The Problems of the Tsarist Regime:1881 - 1905
Powerful long and short term pressures combine to provoke widespread revolutionary crisis in 1905.
Key Themes -
1) 1881: Assassination of Alexander II : Lasting impact of political terrorism
- Alexander III was impacted equally traumatic as Nicholas II who had been at Alexander's death bed.
- Alexander III was shocked by his father's death so resolved to restore the autocracy to its traditional, feared position.
- Alexander III also cast aside the reforms of his father and rely on reactionary ideas of Constantin Pobedonostev.
- While Russia's economy progressed, her political development had been stopped in its tracks.
2) 1881 - 1894: Predominance of reactionary political ideas under Alexander III
- Alexander IIi came increasingly to rely on the reactionary ideas of Constantin Pobedonostev.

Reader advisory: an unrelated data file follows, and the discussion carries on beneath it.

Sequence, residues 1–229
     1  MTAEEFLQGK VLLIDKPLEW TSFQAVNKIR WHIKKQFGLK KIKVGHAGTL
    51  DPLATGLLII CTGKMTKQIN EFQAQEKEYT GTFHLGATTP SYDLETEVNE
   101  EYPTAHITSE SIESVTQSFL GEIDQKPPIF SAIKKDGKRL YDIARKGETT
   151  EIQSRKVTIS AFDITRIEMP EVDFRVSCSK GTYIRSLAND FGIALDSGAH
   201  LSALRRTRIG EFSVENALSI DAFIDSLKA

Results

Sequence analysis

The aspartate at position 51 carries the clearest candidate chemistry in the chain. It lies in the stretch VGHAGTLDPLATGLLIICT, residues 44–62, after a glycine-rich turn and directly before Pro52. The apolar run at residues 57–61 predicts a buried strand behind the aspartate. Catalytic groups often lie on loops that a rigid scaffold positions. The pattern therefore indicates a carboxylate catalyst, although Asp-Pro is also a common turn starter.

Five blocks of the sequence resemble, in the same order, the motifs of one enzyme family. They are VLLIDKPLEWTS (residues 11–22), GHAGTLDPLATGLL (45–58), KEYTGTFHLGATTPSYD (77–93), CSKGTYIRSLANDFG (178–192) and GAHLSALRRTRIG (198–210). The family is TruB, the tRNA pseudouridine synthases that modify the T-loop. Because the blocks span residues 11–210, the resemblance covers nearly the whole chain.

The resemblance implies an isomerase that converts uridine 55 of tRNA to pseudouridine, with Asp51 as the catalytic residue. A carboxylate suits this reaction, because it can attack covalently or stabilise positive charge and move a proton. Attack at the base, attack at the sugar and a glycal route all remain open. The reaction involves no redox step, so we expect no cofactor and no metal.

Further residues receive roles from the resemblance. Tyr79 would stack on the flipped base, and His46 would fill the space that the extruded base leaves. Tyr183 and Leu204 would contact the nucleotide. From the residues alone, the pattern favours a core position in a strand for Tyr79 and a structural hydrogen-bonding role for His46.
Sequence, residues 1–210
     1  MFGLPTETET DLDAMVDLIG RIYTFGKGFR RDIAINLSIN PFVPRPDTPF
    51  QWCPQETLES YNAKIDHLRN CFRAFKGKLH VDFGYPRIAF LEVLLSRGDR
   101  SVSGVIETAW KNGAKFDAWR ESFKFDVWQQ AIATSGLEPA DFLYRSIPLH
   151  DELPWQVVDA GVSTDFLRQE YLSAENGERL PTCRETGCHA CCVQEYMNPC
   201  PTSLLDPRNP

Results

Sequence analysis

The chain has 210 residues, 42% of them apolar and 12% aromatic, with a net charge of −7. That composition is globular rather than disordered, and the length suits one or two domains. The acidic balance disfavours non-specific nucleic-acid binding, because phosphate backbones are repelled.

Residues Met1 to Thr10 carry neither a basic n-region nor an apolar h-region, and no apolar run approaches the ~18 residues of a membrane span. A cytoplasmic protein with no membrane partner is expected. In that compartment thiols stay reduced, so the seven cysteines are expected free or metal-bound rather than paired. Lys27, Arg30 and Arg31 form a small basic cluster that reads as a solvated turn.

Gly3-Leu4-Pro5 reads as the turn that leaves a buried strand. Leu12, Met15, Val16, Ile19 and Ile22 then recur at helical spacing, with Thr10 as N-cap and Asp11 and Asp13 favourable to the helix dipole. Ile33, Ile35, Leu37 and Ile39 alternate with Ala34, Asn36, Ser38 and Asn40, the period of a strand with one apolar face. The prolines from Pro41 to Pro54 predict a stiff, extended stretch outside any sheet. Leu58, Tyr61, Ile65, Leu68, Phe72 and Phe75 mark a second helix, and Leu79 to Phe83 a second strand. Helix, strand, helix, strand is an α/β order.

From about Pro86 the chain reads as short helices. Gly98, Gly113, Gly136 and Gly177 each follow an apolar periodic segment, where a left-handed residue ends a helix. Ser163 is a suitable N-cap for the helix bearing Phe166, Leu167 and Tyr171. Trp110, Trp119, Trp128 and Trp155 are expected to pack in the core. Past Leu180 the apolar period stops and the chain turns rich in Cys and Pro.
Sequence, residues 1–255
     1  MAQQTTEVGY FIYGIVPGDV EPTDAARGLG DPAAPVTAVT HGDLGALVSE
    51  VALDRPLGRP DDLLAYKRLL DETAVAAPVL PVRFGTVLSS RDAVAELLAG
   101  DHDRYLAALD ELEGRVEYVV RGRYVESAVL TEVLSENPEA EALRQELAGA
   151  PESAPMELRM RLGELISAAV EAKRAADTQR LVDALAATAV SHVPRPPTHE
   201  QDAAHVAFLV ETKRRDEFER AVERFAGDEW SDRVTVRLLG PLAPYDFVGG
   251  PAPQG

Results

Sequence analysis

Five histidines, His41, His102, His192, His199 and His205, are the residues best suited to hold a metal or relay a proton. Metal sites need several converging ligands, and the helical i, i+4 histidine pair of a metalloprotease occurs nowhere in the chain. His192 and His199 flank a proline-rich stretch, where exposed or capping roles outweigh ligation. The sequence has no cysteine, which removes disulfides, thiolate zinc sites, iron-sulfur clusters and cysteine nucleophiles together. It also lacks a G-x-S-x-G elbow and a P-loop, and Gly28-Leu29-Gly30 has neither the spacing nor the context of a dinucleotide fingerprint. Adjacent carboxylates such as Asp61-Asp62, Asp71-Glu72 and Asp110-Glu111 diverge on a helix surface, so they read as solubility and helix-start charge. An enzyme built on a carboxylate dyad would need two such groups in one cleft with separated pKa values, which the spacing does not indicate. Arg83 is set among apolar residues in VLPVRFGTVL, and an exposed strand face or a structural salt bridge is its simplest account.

- Pobedonostov combined religious orthodoxy, violent antisemitism and absolute autocracy.
- Pobedonostov also dismissed reformers of 'half wits and perverted apes' and maintained that 'the whole secret of Russia's order and prosperity is in the top, in the person of the supreme authority'.
- Police repression reached new heights.
- Jewish community suffered in a succession of violent pogoms.
- Most lasting of all was the destruction of every trace of democracy and constitutionalism.
- Russia's political development had been prevented.
3) Empire seemed secure (1894)